A few days ago, tragedy struck Umpqua Community College in Roseburg, Ore. An active shooter attacked the student body in broad daylight, leaving 10 dead and at least 13 injured.
The shooter asked students whether or not they were Christians before beginning the massacre, executing them immediately if their answer was “yes.” So as students on a small Christian campus, we should feel safe and secure — right?
Wayne LaPierre, American author and gun rights advocate, once said, “The only thing that stops a bad guy with a gun, is a good guy with a gun.”
His common sense is to be commended.
Self-defense is not only a constitutional right. It is a human right. Self-preservation in the face of evil is not a matter of law. My ability to defend those I love from violent attacks should not depend on geography or public policy. I do not wish to place the safety of my friends and family in the hands of those who are more concerned with a political agenda than protecting our privileges and immunities.
But because I am a law-abiding citizen of integrity, I have to do just that.
I am a college student and a United States citizen. The Supreme Court of the United States — alongside a plethora of lower courts since the 1960s — have reaffirmed time and time again through landmark cases like “McDonald v. Chicago” and “Heller v. The District of Columbia” that I and other law-abiding citizens possess a uniquely American liberty protected by the Second and Fourteenth Amendment. A liberty allowing both the ownership and possession of firearms for purposes including, but not limited to, the defense of self, fellow man and state. A liberty that I choose as a free, law-abiding American and Christian to exercise on a daily basis.
Almost anywhere I go, so goes my firearm. I’m not a bloodthirsty killer. As a matter of fact, I pray on a daily basis that I will never be placed in a situation in which the extrication of evil and preservation of innocence will require me to take a human life. But we live in a fallen world. One of violence and despair in places we never would have imagined just generations ago. This being said, I do all that I can to ensure those around me remain safe and free.
But as a college student, I leave my liberty at the edge of campus. My family and I are forced to forfeit our means of preserving life, liberty and the pursuit of happiness for a lie — a lie that says “school is a safe place.” That I now live in some sort of impenetrable safety bubble, immune to the massacres that plague the rest of 21st century America. In reality, when I’m on campus, I’m more vulnerable than ever.
Huntington University trumpets its bright, virtually crimeless history — with good reason, of course — and continually reassures students, parents and prospectives that it remains one of the safest campuses in the U.S. And in my student handbook, the administration has generously provided us with an “Active Shooter Protocol” that “advocates preparedness for this type of incident and pro-actively instructs members on the A.L.I.C.E. (Alert Lockdown Inform Counter Escape) principle of responding to an active shooter.” The most important line contained in the protocol?
“NOTE: An individual must use his/her own discretion during an active shooter event as to whether he/she chooses to run to safety or remain in place.”
The university does an excellent job reminding me that my safety is ultimately up to me and ensuring me that it is incapable of providing for my safety in the case of this very real threat. But it does an even better job at making sure I’m incapable of protecting myself. In the event of an active-shooter scenario, the shooter will undoubtedly have the upper-hand.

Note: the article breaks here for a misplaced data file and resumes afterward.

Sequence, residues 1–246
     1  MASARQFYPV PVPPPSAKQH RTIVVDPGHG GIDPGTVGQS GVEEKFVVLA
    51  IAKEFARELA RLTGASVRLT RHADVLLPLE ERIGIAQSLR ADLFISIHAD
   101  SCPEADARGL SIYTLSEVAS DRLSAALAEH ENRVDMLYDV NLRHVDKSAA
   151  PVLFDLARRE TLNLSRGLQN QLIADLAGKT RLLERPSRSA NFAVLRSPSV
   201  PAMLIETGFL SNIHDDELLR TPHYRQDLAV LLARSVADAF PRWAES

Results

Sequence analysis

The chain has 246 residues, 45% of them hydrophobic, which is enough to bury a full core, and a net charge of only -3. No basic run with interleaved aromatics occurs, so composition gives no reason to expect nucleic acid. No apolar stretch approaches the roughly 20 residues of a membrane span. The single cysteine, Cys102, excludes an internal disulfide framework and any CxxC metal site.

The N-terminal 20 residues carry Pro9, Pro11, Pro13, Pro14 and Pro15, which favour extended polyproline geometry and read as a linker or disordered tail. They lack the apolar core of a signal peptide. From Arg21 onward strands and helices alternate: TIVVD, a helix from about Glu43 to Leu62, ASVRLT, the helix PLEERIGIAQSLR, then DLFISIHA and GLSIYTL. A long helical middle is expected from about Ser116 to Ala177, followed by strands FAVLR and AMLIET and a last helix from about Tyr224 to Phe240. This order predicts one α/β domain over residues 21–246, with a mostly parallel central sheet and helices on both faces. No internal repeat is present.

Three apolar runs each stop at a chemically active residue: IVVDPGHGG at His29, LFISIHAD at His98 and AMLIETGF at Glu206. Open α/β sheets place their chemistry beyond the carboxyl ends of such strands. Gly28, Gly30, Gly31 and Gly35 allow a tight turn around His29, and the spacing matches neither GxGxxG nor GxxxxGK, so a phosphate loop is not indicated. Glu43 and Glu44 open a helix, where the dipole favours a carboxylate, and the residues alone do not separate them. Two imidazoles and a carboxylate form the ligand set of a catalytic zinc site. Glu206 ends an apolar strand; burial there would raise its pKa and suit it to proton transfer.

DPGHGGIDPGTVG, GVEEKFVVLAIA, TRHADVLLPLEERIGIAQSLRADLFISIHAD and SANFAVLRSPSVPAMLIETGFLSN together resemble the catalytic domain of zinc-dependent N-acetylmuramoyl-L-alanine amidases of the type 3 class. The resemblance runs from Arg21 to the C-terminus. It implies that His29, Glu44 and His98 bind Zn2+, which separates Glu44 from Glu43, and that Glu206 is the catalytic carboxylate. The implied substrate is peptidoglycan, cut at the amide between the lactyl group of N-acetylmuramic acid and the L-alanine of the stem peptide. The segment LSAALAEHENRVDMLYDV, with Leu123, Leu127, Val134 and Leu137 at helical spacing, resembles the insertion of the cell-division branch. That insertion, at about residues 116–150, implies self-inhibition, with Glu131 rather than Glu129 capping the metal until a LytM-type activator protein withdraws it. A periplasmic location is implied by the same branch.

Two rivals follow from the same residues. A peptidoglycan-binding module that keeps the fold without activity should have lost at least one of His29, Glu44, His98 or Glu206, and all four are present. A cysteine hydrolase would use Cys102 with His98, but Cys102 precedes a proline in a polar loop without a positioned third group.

The average police response time in the U.S. is 10 minutes. That’s how long it took investigators from the Virginia Tech and Blacksburg police departments to respond to the Virginia Tech shooting. In that time, thirty-two people died and 17 were seriously wounded — the consequence of solely trusting the police with our safety.
Yes, gun regulations are important. There needs to be legal stumbling blocks in the path of those who wish to illegally acquire weapons. But completely disallowing individuals from their constitutional right? That’s ideological, not practical. Utah is an example of a state that realizes this.
In Utah, it has been deemed unconstitutional for an institution of higher education to prohibit students from legally carrying a firearm. Students can carry either concealed or openly, and concerned students can request to not live in dorms with anyone who has a permit to carry. None of these schools have seen gun violence. Certainly there are other variables, but it remains true that more guns does not mean more crime.
Gun-free zones create an environment in which the wolves of society can and will thrive. Contrarily, many colleges in the U.S. that allow students to carry under reasonable regulations have effectively provided an avenue for students to actually remain secure in dangerous situations.
For now, I will continue to abide by the policies of the university. I will leave my means of protection at home. I will leave my constitutional right at home. I will remain vulnerable to the same kind of evil that struck Oregon this week. And my mom will continue to sit at home and worry as she dishes out money to an institution that refuses to provide an avenue for my safety in light of 21st century threats.
Darius Hillman is a sophomore criminal justice major. This letter reflects the opinion of the author only and does not necessarily reflect the view of the university or The Huntingtonian. All letters to the editor can be submitted to firstname.lastname@example.org.